WASHINGTON Jan 28 Three U.S. senators
introduced legislation on Tuesday aimed at preventing chemical
spills like the one that left 300,000 West Virginians without
drinking water this month.
The bill streamlines oversight of chemical facilities and is
designed to make sure factories are properly inspected by state
officials and that proper response procedures are in place for
"No West Virginian or American should have to worry about
the contamination of their water supply from a chemical spill,"
said Senator Barbara Boxer, the Democratic chairwoman of the
Senate Environment and Public Works Committee.
"This commonsense bill makes sure all chemicals are
appropriately monitored and protects the safety of the water we
consume and use every day," Boxer said in a statement.
She introduced the legislation with the two senators from
West Virginia, Joe Manchin and John Rockefeller, both Democrats.
More than 300,000 people around the state capital of
Charleston were left without drinking water after a Freedom
Industries tank leaked as much as 7,500 gallons (28,000 liters)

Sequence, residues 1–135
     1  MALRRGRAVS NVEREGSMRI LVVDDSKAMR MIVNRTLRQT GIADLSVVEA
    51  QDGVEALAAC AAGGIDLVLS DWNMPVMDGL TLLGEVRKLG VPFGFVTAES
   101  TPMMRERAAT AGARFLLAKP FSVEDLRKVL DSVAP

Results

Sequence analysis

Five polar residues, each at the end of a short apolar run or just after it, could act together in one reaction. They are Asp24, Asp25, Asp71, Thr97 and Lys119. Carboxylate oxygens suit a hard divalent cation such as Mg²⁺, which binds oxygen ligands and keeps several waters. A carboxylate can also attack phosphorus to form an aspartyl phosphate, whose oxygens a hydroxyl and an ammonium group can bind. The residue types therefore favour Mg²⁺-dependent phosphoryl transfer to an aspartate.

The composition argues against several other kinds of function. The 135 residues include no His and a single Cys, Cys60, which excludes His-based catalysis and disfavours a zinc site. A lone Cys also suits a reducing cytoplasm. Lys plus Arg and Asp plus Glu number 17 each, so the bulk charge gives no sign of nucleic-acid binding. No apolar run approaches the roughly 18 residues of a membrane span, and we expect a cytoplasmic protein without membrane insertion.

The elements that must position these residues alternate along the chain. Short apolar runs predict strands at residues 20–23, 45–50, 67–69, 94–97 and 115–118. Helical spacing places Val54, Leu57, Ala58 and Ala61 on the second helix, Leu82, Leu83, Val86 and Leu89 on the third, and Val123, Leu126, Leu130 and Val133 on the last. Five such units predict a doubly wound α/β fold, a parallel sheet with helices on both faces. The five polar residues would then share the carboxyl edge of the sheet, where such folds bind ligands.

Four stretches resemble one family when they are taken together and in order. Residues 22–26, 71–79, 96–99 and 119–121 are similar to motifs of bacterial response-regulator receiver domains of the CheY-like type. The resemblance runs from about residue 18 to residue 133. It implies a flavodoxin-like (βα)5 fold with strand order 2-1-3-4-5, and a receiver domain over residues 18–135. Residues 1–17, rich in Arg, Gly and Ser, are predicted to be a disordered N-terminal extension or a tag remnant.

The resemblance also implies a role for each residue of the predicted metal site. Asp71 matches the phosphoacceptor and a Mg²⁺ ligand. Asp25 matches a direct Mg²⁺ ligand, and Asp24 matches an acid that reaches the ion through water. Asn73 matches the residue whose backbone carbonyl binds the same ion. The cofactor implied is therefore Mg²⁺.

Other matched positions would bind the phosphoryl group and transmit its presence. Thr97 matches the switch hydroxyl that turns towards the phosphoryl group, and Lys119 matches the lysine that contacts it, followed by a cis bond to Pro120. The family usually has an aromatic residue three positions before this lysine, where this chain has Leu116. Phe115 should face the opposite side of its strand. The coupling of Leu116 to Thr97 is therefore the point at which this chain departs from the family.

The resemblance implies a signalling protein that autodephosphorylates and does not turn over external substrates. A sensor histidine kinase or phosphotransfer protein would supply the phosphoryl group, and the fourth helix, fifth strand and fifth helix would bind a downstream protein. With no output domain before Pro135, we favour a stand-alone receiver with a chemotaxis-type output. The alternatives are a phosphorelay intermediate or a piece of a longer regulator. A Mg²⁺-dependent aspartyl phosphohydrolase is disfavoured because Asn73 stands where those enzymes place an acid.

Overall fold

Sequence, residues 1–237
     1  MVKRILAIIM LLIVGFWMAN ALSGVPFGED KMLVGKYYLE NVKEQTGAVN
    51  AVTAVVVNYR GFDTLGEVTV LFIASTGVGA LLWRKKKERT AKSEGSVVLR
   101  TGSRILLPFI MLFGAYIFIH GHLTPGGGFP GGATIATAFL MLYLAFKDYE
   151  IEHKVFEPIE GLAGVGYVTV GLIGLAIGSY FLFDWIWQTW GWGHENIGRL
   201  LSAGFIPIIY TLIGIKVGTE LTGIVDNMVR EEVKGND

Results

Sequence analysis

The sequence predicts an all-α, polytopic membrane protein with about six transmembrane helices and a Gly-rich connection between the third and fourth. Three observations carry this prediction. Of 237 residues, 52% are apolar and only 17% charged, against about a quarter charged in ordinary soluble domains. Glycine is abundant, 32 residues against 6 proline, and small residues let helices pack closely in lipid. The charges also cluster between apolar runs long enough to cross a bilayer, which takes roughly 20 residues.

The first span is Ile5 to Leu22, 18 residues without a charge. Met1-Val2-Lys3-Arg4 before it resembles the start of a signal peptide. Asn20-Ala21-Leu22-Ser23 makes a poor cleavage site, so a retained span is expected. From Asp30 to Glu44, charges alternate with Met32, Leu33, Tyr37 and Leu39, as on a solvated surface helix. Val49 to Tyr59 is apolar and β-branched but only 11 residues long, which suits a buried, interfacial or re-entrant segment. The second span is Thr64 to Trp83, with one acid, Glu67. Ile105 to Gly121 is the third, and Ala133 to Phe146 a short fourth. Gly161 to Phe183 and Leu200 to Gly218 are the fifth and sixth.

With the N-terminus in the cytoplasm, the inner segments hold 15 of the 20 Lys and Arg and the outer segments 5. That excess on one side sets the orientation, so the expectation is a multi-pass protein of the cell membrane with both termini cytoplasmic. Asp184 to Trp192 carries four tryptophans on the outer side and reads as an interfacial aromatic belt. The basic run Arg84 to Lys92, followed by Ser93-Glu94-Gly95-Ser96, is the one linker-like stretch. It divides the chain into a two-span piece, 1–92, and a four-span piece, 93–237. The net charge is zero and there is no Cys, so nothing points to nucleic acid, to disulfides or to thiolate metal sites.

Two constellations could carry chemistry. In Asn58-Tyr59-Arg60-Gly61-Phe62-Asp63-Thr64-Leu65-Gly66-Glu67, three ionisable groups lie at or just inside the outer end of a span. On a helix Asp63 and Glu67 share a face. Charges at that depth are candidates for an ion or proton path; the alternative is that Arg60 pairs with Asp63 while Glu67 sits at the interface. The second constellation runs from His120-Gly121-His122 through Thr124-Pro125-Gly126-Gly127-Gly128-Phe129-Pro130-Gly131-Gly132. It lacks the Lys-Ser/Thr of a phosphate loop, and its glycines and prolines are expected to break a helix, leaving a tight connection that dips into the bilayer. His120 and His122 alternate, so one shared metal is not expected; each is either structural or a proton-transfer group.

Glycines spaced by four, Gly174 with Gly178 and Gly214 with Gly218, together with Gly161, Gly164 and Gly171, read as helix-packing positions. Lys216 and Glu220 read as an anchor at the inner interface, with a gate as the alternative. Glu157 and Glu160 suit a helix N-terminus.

of coal-processing chemicals into the Elk River on Jan. 9.
The spill was about a mile (1.6 km) upstream from a West
Virginia American Water plant, the biggest in the state.
The bill, the Chemical Safety and Drinking Water Protection
Act, would require state inspections of aboveground chemical
storage facilities and the industry's development of
state-approved emergency response plans. It would allow states
to recoup emergency response costs and to ensure drinking water
systems have the tools and information to respond to spills and
The proposed legislation follows a move last week by West
Virginia's governor to regulate aboveground storage tanks,
including those near public water supplies and distribution
West Virginia authorities lifted the ban on the use of tap
water on Jan. 18, but advised pregnant women to continue using
alternative water sources. A day earlier, Freedom Industries had
filed for bankruptcy protection after vendors demanded that the
maker of specialty chemicals pay in cash, straining its
"It's clear more could have been done more to protect the
water supply for hundreds of thousands of West Virginians,"
Rockefeller said. He said the bill was a first toward bringing
accountability to companies in the state.
(Writing by Doina Chiacu; Editing by Amanda Kwan)